SPE: Part 3- Engineering in a Non-Engineering Family


I was born of goodly parents. They instilled in me a belief that I could become anything I wanted in this world.

As I discuss in my profile, my dad played an important role in my deciding to become an engineer. This wasn’t because he was an engineer himself, because he was an educator by trade. Instead, he encouraged this path because he saw in me a desire to understand the world around me.

This is all to explain that I could not have had a better upbringing or more support than I had. However, it became clear within a few semesters of school, that I was at a disadvantage to many of my peers. Being the first in my family to pursue engineering (that I know of), I would often feel lost in lectures or conversations at school with those who had parents in the engineering or construction industries.


It would sometimes frustrate me that professors would assume that I knew what ‘design-build’, client-contractor relationships, or E.I.T (Engineer in Training) meant. It happened quite a bit and more often than I let on.

It can be almost directly related to my intro to Spanish class that I took in my studies. Having no Spanish training, experience or heritage, I was placed in the same class with students that grew up in a Spanish speaking home or that took the language in high school. Because they didn’t ‘speak’ it, they were assumed to be at the same level as I even though I had next to zero Hispanic exposure in my life to that point. I studied, practiced… and got a solid B.

In my engineering classes, I quickly learned that I couldn’t be shy in my ignorance. I would force myself ask questions from my engineering-reared counterparts, and would try and take advantage of professor office hours. I worked at learning the material as much as any other students and, academically, consistently stayed average or above.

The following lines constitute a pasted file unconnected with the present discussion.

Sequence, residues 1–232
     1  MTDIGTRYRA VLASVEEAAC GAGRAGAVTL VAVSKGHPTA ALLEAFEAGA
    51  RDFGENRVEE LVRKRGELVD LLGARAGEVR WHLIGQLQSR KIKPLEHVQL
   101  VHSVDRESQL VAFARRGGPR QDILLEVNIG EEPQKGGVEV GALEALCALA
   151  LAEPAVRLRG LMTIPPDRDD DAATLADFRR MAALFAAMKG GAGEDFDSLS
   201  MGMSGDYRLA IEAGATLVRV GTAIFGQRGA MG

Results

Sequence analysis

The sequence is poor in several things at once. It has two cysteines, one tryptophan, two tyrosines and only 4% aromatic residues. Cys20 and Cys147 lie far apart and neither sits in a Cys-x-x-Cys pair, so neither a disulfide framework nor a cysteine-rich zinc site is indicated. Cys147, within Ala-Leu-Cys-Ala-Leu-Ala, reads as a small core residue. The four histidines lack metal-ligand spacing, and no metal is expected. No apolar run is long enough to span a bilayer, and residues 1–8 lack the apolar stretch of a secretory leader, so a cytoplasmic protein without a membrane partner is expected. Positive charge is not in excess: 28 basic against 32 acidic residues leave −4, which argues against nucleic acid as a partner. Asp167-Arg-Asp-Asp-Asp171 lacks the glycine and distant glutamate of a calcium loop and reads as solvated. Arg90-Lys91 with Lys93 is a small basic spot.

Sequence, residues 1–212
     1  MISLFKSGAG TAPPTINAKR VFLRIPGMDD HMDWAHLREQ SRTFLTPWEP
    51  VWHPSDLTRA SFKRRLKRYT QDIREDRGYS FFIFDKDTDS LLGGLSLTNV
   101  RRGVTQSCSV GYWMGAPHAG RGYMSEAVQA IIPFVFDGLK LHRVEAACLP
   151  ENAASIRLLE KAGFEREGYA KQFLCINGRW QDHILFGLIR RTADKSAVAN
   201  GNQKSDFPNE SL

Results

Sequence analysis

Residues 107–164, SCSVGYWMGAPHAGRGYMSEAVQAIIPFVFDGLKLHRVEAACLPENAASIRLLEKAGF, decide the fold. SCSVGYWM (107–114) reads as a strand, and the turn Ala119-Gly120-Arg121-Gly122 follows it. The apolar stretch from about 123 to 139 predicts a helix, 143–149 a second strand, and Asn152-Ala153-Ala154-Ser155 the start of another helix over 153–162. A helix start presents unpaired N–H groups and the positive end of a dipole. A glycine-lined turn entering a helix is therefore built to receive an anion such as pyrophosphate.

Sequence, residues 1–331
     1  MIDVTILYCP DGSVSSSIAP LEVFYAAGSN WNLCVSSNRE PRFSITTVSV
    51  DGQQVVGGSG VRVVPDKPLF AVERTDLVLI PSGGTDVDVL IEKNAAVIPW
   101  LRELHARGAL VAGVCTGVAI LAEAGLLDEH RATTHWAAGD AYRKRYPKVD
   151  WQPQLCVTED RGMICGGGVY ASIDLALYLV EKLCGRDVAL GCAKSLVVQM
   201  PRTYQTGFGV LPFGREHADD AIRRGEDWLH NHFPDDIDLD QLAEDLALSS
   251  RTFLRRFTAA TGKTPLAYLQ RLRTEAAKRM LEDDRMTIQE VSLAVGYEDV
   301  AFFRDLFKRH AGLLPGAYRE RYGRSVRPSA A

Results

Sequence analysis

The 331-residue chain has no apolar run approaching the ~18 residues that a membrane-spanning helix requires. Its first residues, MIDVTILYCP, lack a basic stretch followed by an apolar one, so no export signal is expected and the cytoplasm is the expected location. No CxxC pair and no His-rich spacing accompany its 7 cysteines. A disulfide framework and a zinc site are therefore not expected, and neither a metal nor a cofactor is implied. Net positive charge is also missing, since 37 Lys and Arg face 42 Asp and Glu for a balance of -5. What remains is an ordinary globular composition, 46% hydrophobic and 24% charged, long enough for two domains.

If it sounds like I was the only one who didn’t have a parent or close relative that was in the engineering or construction field, I most definitely wasn’t. Not by a long shot. But where my friends were proactive in improving their engineering knowledge in an out of the books, I kind of shot myself in the foot.

I knew that getting an internship or job related to my career was important, but I guess not important enough. Most of my friends quickly found themselves part-time jobs working on campus with professors or as a low paid draftsman. I went for the pay and benefits in a delivery job until my senior year when I let it go and found an internship. That was one of the best decisions of my life.

So, in consideration of a single, self experienced case study, these are my keys for getting ‘street smart’ when you have no engineering background.

1. Don’t be ashamed

Ask questions about everything you don’t understand, even if it seems like everyone else does.

2. Meet the firms

Make a list of all of the prominent design and consulting firms in the area. Study this list and, if possible, try and make connections from some of these firms. You won’t regret it.

3. Try and get a paid internship

If you can’t, try and get a paid job related to what area you are concentrating in. If you can’t do either of these, and if your personal situation allows, offer to work for free, or at least minimum.

4. Find a mentor

If possible, find a licensed Professional Engineer to shadow and observe. Preferable at your job, but if not, most professors are great about you asking them questions after class or during their office hours.

5. Get involved

It is almost harder to not be actively involved in a local chapter of an engineering society than be involved. Still, I managed to somehow stay away from them. Many principles of design and computer software are learned when you work with a team on a project such as concrete canoe or steel bridge.

6. Meet Google

I will be honest; I had never been told what an abutment was when I graduated. In the first few months of my job following school, my boss asked me to do a quantity check on one. I was too ashamed to ask him, but Google didn’t mind. (An abutment is the end supports of a bridge, by the way) Google Books is also an ever-expanding resource for technical information.

7. Don’t get frustrated

Know that you can make it, regardless of background. Don’t let one confusing lecture or one bad test grade deter you. If you really want it, you have an advantage over anyone.